Two different ways to look at predictive analytics

Various industries interpret the goals of predictive analytics differently. For example, social science and marketing like to understand the factors which go into a model, and can sacrifice a bit of accuracy if a model can be explained well enough. On the other hand, a black box stock trading model is more interested in minimizing the number of bad trades, and at the end of the day tallies up the gains and losses, not really caring which parts of the trading algorithm worked. Accuracy is more important in the end.

Depending upon how you intend to approach a particular problem, look at how two different analytical mindsets can affect the predictive analytics process:

  1. Minimize prediction error goal: This is a very common use case for machine learning. The initial goal is to predict using the appropriate algorithms in order to minimize the prediction error. If done incorrectly, an algorithm will ultimately fail and it will need to be continually optimized to come up with the new best algorithm. If this is performed mechanically without regard to understanding the model, this will certainly result in failed outcomes. Certain models, especially over optimized ones with many variables, can have a very high prediction rate, but be unstable in a variety of ways. If one does not have an understanding of the model, it can be difficult to react to changes in the data input.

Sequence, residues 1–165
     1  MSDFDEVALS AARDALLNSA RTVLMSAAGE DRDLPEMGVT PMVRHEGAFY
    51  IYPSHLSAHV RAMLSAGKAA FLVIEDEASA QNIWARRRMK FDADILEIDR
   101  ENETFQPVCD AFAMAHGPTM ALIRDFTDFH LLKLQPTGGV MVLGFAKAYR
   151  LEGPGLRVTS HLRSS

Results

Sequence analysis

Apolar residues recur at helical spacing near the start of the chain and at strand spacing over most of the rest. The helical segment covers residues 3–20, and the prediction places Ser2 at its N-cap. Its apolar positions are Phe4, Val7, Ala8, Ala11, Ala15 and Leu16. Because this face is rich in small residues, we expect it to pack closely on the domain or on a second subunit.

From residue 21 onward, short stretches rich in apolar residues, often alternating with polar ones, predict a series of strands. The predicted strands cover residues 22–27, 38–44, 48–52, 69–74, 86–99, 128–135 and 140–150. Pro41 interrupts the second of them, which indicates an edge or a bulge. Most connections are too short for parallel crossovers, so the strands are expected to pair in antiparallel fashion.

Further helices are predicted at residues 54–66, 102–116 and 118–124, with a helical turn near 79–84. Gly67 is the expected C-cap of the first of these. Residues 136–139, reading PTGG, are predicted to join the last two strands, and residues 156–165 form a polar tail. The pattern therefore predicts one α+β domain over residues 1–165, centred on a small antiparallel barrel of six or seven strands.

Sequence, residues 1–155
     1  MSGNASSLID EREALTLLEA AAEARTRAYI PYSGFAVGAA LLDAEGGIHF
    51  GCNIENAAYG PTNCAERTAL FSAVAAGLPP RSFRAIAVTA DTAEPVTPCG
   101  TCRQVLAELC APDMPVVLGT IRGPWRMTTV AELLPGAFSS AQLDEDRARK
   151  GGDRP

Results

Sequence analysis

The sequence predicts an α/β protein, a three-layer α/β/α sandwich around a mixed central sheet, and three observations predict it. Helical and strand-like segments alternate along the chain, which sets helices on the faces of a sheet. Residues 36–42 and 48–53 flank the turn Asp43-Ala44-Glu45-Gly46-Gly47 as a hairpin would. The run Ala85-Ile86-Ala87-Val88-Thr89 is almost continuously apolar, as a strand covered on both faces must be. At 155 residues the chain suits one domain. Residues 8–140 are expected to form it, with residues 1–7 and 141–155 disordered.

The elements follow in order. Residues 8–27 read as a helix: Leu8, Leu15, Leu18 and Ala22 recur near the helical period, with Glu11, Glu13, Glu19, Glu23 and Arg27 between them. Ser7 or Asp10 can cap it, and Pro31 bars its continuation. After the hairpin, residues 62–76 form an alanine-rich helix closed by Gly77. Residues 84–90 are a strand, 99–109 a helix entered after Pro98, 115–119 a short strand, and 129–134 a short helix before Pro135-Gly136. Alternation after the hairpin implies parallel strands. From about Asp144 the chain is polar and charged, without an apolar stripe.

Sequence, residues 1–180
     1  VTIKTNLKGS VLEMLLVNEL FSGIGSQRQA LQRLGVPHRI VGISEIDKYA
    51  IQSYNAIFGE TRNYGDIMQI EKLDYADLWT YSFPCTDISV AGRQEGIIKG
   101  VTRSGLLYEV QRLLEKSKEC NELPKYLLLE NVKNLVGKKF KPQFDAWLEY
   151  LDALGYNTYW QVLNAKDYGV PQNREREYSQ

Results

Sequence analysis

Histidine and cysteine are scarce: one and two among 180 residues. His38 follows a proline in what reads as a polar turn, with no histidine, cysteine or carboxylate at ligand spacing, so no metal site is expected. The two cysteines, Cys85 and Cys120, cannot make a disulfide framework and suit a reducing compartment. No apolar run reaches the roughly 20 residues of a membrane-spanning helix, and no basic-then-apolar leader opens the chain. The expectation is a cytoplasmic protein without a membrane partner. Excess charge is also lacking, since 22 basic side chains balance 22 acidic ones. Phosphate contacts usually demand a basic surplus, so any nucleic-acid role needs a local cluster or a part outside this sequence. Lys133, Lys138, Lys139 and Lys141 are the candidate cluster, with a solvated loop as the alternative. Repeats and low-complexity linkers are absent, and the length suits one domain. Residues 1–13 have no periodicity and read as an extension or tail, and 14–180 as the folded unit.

2. Understanding model goal: This came out of the scientific method and is tied closely to the concept of hypothesis testing. This can be done in certain kinds of models, such as regression and decision trees, and is more difficult in other kinds of models such as Support Vector Machine (SVM) and neural networks. In the understanding model paradigm, understanding causation or impact becomes more important than optimizing correlations. Typically, understanding models has a lower prediction rate, but has the advantage of knowing more about the causations of the individual parts of the model, and how they are related. For example, industries that rely on understanding human behavior emphasize understanding model goals. A limitation to this orientation is that we might tend to discard results that are not immediately understood. It takes discipline to accept a model with lower prediction ability. However, you can also gain model stability

Of course, the previous examples illustrate two disparate approaches. Combination models, which use the best of both worlds, should be the ones we should strive for. Therefore, one goal for a final model is one which:

  • Has an acceptable prediction error
  • Is stable over time
  • Needs a minimum of maintenance
  • Is simple enough to understand and explain.

You will learn later that is this related to Bias/Variance tradeoff.